There is, perhaps, nothing that strikes fear in any parent’s heart like a missing child.
We are reminded of that anytime we hear of the toll that closed adoptions take on birthparents denied updates on the welfare of the child they once placed. It’s a similar theme that also resurfaces in conversations with any parents (whether they’ve adopted or not) when their relationships with their child/ren have become estranged, for any reason.
One parent whom Abrazo loves and respects, a devoted mom named Molly, shared her own experience after her missing daughter was found safe at last. “Having a child that’s missing is really, really hard. It’s even more devastating when you’ve been in the same situation that she is and there’s nothing you can do to help (because she won’t let you.) I know she’s upset and angry with me for having the police track her down, but that’s a small price to pay, just to know she’s still breathing.”
That’s the thing, you see? Parents need to know how and where their kids are, in order to be at peace. Whether parenting or noncustodial, whether near or far, whether connected or estranged, we all need some assurance of our child/ren’s welfare just to be okay.
Open adoption cannot cancel out the loss that comes with every infertility or adoption experience. Yet the transparency and connections that open adoption affords adoptees and parents and birthsiblings and other relatives can truly be transformative and healing.
We all have an intrinsic need to know our children are safe and secure, whether they live under our own roof fulltime or wherever they may be. To intentionally deny a parent this assurance is as cruel as it is to refuse a child’s need to know where and how their parents are.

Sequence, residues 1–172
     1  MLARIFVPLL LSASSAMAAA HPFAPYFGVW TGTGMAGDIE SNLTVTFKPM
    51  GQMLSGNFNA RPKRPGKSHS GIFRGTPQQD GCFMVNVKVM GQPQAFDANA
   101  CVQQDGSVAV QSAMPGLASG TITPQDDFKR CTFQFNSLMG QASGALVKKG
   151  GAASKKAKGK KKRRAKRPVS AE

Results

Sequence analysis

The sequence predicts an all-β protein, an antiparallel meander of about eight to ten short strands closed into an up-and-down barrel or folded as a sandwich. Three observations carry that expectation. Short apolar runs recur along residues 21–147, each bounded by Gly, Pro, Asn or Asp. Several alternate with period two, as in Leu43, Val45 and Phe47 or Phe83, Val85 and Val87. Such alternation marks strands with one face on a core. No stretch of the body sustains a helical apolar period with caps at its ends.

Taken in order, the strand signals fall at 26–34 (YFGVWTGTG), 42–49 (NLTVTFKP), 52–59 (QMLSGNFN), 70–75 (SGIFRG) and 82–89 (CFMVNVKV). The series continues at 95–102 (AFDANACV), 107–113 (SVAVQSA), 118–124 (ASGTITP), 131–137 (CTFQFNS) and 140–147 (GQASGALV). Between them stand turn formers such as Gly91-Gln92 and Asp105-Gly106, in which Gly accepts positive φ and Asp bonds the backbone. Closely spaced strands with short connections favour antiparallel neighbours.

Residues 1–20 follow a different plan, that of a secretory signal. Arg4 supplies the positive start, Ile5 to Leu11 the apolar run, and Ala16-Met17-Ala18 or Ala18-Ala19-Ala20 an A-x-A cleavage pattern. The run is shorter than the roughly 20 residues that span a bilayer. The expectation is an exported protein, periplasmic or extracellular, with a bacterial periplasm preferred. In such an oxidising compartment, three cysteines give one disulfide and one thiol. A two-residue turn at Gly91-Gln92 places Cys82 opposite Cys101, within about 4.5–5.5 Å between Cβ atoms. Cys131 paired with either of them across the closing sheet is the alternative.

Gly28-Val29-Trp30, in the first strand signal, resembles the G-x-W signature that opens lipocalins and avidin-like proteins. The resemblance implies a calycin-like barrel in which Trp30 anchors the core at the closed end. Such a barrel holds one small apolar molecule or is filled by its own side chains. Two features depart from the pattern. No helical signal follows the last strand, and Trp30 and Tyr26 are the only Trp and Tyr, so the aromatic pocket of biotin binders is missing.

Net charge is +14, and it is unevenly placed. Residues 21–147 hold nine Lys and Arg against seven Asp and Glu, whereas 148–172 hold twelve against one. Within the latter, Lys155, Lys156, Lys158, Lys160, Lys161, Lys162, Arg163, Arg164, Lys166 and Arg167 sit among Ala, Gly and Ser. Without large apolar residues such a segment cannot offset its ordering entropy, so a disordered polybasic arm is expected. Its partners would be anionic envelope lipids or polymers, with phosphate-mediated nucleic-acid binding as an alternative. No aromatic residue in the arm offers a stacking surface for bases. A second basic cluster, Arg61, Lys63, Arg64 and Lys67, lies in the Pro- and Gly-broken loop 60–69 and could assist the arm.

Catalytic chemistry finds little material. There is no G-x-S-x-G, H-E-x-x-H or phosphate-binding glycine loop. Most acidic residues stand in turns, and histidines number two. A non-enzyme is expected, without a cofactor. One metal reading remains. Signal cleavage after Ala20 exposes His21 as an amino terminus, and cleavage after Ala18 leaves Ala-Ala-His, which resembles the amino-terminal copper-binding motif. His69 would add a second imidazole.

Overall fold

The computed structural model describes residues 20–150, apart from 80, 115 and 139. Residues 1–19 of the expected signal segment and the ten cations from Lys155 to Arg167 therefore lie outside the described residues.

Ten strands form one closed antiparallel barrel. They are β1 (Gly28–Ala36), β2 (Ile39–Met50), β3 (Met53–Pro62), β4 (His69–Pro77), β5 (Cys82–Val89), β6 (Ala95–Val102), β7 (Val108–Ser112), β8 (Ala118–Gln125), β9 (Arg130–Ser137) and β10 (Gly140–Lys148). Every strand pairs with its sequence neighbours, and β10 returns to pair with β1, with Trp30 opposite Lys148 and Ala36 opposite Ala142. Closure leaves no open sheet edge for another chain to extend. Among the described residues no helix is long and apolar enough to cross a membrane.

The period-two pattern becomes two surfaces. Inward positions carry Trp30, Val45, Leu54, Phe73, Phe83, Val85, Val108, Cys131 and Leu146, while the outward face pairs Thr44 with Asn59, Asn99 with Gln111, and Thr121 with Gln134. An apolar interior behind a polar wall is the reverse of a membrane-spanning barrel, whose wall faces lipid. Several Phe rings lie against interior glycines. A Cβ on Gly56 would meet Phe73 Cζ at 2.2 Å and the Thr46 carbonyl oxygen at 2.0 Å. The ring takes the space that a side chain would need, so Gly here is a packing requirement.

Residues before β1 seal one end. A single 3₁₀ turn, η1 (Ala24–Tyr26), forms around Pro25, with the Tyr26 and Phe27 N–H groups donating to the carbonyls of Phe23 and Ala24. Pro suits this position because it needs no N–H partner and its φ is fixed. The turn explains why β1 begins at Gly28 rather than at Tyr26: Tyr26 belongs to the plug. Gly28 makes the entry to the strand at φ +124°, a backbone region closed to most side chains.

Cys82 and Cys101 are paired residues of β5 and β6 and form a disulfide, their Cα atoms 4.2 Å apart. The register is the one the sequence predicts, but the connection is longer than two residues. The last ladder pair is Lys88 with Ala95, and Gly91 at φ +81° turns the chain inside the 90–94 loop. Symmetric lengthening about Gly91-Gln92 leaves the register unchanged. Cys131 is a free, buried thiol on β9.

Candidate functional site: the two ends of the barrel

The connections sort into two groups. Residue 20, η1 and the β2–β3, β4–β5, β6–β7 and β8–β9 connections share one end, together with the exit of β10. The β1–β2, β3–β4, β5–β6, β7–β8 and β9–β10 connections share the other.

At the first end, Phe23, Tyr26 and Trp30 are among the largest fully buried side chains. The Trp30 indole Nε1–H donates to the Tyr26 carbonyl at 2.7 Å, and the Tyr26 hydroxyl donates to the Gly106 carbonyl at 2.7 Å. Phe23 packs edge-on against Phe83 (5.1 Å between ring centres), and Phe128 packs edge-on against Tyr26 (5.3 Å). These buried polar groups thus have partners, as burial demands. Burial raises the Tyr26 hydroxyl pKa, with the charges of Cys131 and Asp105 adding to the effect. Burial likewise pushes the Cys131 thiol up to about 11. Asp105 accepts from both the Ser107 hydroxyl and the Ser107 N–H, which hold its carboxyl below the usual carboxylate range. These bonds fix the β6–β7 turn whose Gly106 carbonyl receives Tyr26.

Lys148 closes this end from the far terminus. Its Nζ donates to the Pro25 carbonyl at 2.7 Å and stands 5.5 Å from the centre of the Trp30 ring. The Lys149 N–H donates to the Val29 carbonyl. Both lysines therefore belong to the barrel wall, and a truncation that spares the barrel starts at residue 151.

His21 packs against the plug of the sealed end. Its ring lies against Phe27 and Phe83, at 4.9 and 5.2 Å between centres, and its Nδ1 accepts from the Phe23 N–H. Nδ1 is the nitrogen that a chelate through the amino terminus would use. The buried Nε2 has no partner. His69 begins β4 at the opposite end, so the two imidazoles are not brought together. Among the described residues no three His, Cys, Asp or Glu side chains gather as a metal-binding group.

The Abrazo staff is so very thankful for all the adoptive families who make a concerted effort each year to forward us their annual reports, which enable our agency to verify how and where “our” children are, and to use this to supplement the peace of mind of birthparents who choose open adoption here.
It’s just one more way Abrazo tries to ensure that parents who entrust a child to adoption don’t have to ever endure the experience of having a missing child.
Baby Gabriel: Not a Baby Anymore, But Still A Missing Child
Twelve years ago, Abrazo learned of an Arizona baby who had gone missing in San Antonio while on a trip here with his young mother, Elizabeth Johnson. She’d tried unsuccessfully to privately place her infant son for adoption with an Arizona couple, and when the birthfather objected, the adopters reportedly helped her to flee to Texas, where the adoption laws seemed more favorable.
The blonde-haired, blue-eyed boy at the center of the dispute became known as Baby Gabriel, and he disappeared from a northside San Antonio motel in December, 2009. After initially telling Logan the baby had died, a landfill search proved unsuccessful, and Elizabeth then informed authorities she’d turned her child over to an unnamed adoptive couple at Raymond Rimkus Park. A national search ensued, FBI and police in Arizona, Texas and Florida couldn’t find him, and Gabriel’s father, Logan McQueary, fought in vain for answers.